In a macho, Power Thirst-inspired market, it's difficult to sell a game with a female protagonist, Epic Games art director Chris Perna tells OXM
"If you look at what sells, it's tough to justify something like that," Perna says.
Epic's Gears of War series features supporting female characters that Perna describes as "butch," rather than a stereotypical portrayal of feminine beauty in an action game.
"You see the implants and the blonde hair and pants and you roll your eyes – it's almost like the game geek's idealization of what a woman should be. I think because we didn't go that route we have more believability." Perna continues, "They're still feminine. Anya in Gears 3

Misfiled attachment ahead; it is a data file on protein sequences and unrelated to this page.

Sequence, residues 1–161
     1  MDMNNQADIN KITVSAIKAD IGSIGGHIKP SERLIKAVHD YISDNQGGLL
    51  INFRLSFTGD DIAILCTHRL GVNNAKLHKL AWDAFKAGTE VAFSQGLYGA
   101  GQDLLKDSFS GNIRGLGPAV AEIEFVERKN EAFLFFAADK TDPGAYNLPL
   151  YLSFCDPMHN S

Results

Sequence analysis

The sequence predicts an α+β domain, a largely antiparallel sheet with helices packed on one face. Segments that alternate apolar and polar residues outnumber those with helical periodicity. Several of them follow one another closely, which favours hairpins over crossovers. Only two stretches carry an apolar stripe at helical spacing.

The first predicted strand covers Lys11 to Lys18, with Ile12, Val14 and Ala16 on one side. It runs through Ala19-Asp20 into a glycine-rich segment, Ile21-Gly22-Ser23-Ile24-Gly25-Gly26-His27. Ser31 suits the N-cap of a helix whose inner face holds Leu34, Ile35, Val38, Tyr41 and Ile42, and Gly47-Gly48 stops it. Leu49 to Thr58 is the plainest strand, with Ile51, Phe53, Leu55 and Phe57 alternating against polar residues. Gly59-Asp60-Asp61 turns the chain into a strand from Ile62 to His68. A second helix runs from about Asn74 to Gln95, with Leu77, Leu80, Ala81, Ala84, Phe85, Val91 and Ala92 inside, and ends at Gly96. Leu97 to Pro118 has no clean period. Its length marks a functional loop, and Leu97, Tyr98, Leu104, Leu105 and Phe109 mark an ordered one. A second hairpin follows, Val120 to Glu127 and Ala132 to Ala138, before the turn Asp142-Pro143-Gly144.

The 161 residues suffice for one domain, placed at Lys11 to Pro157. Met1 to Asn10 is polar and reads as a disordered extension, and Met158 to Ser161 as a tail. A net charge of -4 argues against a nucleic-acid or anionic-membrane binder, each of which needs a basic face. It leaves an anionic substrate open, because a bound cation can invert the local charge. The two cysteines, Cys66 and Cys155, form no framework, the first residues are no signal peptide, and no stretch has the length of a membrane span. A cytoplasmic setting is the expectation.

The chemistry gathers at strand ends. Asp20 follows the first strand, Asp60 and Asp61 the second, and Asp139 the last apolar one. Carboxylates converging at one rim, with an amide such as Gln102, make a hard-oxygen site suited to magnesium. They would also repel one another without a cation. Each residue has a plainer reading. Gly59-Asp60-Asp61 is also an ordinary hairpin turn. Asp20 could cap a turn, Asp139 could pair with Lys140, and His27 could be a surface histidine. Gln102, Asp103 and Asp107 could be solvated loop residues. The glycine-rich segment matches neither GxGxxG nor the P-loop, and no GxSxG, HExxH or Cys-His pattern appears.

comes across as being very feminine, and I think it works."
Perna says player feedback supports his theory, in the form of female players dressing up as Gears of War characters at conventions and shows.
"They feel empowered," he says. "They put on that armor and they walk around with these massive weapons and I think they get a kick out of it – I get a kick out of seeing it. From what we've heard, when they play the game they feel empowered and they feel good. Some of the feedback I've heard from women that I talk to is that if we'd made these women more feminine and more stereotypical it wouldn't have been so nice."